As to whether or not this hits, I honestly don’t know. The concept of “walk-ins,” children who are taken out of life before they’re forced to suffer extreme pain, is such a vague idea that it’s hard to buy as the answer to so many questions. There’s something frustratingly convenient about it, a wish-fulfillment mysticism that tries to justify all the world’s misery by offering a kind of easy out for the true innocents. Admittedly, death as a happy ending only really works in extreme cases, and it’s not like anyone in the episode beyond Mulder is that happy to find that the kid they’re searching for has gone to a better place. But the concept is little better than just coming out and saying, “She’s dead, but it’s okay.” That’s fine thematically, and it’s probably the most effective emotional beat the writers could’ve wrung out of this storyline at this point (I can’t imagine what it would’ve been like if Samantha really had turned up as a full-grown adult—not a clone or a stand-in, but her. What sort of dynamic would that have created?), but it’s asking just a little too much of the audience. We’re supposed to forget all the other things we’ve heard, all the other dead ends and detours, and just accept that Samantha Mulder was kidnapped and then tested by scientists, and then she ascended into a kind of non-denominational heaven where she’ll be eternally black-and-white, moderately transluscent, and 14 years old.
And yet. And yet. If you can swallow all of this, if you can make that one big jump, there is so much that really works about “Closure” that I can’t dismiss it out of hand. The plotting is loopy, and the way the Ed Truelove story basically disappears after the first ten minutes is questionable to say the least; while this is technically a two-parter, the only real connection between the child kidnapping and murders in the previous episode and Mulder’s search for Samantha in this one is that Amber, the kid who disappeared in “Sein Und Zeit,” ended up ascending the same way Samantha did. But Samantha wasn’t kidnapped by Truelove, and her body isn’t in the cemetery Mulder, Scully, and Skinner found. (For that matter, neither is Amber’s. I guess when the kids become “walk-ins,” their body vanishes.) This is less a one big story than it is two smaller stories tenuously connected; which isn’t a huge problem or anything, but it is weird how disjointed all of this can feel at times.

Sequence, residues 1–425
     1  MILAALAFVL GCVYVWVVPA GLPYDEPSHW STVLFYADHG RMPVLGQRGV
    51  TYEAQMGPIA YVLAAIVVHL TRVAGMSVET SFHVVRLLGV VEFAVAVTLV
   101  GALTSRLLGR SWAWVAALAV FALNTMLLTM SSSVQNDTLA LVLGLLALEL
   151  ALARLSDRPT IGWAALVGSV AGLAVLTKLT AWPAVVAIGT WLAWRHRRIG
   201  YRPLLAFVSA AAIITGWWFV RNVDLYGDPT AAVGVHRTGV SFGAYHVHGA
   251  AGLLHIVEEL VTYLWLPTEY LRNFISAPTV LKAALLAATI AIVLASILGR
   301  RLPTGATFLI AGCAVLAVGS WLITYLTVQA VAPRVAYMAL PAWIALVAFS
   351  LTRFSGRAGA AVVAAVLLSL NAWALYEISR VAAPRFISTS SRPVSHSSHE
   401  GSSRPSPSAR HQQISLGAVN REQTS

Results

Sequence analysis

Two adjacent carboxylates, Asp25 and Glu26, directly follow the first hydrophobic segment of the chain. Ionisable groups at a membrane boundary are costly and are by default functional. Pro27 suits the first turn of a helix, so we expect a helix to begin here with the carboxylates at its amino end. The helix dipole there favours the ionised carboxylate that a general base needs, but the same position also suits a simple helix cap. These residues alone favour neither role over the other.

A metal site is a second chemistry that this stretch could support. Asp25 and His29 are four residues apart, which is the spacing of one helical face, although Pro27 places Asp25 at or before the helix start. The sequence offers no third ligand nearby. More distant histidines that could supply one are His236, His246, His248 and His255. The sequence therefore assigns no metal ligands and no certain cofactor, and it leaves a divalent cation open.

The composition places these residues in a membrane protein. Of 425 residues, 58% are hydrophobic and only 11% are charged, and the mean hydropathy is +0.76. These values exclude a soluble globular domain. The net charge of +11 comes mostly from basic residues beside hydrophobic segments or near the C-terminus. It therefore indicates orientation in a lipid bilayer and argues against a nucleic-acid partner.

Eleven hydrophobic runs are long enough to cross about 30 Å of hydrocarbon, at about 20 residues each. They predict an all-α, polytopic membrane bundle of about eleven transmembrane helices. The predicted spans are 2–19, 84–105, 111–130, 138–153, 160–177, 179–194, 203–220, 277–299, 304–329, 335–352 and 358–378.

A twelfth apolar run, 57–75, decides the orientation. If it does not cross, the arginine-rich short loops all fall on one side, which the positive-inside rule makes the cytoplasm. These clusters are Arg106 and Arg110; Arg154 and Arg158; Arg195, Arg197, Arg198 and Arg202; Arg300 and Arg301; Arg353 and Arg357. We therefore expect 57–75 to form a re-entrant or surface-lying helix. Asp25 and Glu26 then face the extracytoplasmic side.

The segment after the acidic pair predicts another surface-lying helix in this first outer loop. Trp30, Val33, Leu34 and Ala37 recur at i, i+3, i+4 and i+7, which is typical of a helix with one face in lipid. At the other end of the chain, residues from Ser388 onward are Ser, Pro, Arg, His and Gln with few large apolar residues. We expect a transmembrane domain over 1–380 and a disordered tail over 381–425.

Again, though, there are amazing scenes in the episode, and they come part and parcel with the premise’s absurdity. Mulder and Scully meet up with a police psychic who’s determined to help them solve the case. Harold Pillar (Anthony Heald, aka Chilton from The Silence Of The Lambs) sits at just the right point between ridiculous and plausible; his position and purported abilities are seemingly a joke, but Heald’s calm, unruffled confidence make him hard to dismiss. It’s the sort of trick the show plays regularly, presenting a character who under other circumstances would a punchline at best, or a villain at worst, and giving him an unexpected dignity, including (at least in this case) a legitimately tragic past. He works with Mulder to follow Samantha’s trail, and Mulder trusts him until Scully discovers the man has a criminal past, and his own missing child—a son. But even that’s not enough to put Mulder off completely. Duchovny may not always be fully engaged this season, but I love the way he plays this arc—half-devastated, half-hopeful, like he thinks he might see an end, but can’t quite allow himself to accept it. (Acceptance is a choice, too; while the episode is so full of weirdness that Pillar’s missing child story never fully develops, the psychic’s refusal to accept his son’s death helps make Mulder’s calm all the more affecting.)